PRINT March 1981

Constantin Brancusi’s Photographs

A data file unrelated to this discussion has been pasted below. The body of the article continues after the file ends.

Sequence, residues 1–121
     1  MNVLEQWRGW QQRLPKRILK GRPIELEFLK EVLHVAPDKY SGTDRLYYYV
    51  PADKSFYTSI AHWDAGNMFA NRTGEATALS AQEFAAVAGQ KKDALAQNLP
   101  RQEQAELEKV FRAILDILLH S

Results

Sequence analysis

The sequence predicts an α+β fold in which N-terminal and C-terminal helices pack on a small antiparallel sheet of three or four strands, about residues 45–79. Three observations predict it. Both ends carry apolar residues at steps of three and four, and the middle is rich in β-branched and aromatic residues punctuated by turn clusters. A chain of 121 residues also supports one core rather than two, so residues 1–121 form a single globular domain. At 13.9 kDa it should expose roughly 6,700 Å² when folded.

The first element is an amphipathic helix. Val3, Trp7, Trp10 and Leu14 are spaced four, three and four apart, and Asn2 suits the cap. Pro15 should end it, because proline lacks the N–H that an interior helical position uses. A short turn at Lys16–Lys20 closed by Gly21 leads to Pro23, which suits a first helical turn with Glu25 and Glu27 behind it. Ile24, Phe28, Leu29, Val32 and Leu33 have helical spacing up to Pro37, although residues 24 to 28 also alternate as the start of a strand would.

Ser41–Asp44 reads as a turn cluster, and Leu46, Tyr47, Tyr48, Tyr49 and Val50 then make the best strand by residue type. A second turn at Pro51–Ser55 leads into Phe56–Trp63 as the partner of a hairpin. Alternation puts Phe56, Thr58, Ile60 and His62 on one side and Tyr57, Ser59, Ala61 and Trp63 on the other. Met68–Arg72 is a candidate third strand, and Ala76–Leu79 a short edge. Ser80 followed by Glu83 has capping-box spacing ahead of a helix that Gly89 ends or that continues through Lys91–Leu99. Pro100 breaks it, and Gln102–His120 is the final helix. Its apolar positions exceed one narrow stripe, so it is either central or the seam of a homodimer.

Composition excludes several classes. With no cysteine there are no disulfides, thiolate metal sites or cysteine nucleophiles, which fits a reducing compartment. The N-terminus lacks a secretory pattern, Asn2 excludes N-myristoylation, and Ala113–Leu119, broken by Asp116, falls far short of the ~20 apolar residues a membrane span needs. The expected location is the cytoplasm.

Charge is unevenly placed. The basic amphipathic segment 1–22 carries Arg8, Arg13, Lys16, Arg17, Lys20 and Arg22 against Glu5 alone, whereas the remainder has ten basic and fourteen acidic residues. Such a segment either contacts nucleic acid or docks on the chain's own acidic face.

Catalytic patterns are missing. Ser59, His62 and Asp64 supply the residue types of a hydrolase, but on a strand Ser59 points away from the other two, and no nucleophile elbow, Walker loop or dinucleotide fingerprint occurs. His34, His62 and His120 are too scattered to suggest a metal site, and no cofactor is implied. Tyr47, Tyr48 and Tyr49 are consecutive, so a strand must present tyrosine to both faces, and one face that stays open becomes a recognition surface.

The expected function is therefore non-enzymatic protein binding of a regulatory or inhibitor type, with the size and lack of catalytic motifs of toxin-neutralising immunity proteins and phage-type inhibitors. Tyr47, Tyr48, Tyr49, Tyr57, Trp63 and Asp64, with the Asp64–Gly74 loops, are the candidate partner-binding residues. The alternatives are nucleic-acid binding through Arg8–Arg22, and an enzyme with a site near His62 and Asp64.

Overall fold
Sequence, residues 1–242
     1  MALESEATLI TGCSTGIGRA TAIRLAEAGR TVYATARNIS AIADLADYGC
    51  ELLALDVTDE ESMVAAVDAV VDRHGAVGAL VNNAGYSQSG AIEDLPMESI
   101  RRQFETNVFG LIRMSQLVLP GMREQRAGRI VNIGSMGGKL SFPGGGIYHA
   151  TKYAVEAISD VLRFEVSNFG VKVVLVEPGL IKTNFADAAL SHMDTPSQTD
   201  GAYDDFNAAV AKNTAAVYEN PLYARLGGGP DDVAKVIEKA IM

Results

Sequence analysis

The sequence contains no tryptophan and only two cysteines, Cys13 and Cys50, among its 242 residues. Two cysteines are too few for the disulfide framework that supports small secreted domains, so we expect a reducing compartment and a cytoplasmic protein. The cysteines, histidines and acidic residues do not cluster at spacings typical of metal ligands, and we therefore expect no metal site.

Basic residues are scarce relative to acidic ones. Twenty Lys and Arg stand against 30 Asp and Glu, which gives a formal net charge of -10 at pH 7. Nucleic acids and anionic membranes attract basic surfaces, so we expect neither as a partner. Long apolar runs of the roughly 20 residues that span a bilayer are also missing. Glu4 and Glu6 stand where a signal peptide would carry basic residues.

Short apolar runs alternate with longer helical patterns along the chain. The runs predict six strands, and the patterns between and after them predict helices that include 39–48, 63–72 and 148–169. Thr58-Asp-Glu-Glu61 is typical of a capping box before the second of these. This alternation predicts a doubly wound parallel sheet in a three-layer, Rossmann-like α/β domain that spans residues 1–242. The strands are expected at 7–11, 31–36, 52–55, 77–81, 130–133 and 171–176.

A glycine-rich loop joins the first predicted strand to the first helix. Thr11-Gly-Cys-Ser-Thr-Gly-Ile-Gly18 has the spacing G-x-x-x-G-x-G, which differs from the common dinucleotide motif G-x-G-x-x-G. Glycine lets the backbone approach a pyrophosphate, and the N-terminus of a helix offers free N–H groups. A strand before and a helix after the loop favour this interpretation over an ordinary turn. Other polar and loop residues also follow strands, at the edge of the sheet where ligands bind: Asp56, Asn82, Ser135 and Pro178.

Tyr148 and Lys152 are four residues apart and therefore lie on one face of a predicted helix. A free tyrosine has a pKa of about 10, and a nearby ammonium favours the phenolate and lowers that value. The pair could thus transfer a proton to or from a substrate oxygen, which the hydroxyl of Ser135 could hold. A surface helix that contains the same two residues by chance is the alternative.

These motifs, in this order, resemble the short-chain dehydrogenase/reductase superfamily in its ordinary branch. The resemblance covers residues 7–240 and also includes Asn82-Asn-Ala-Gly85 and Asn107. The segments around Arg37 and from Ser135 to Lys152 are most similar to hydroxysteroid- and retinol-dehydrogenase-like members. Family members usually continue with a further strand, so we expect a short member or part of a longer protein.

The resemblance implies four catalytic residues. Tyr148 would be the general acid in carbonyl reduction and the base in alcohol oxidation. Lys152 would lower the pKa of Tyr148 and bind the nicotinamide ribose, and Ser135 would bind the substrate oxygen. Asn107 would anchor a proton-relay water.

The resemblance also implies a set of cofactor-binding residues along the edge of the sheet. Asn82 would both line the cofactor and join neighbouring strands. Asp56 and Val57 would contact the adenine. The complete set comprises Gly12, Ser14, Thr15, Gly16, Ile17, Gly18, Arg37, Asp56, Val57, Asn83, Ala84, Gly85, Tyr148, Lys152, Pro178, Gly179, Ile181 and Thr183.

READILY ACKNOWLEDGED AS ONE of the great sculptors of this century, Constantin Brancusi the photographer is less widely known. Paradoxically enough, Brancusi’s output in sculpture is relatively small, comprising only some 215 known works. At least 40 of these—mainly from his early period—have since disappeared or been destroyed, and are known only from photographs.1 It can almost be said that, given the long span of his life, he endeavored to follow Rodin’s advice, “. . . Above all don’t work too quickly,”2 throughout his career. He did leave, however, a very impressive number of photographs: 560 original negatives, the vast majority of which are on glass plates, and about 1250 original prints, some rendered priceless through the disappearance of the negatives. They were found in his atelier at the time of his death in 1957, together with a complete photographic outfit, consisting of

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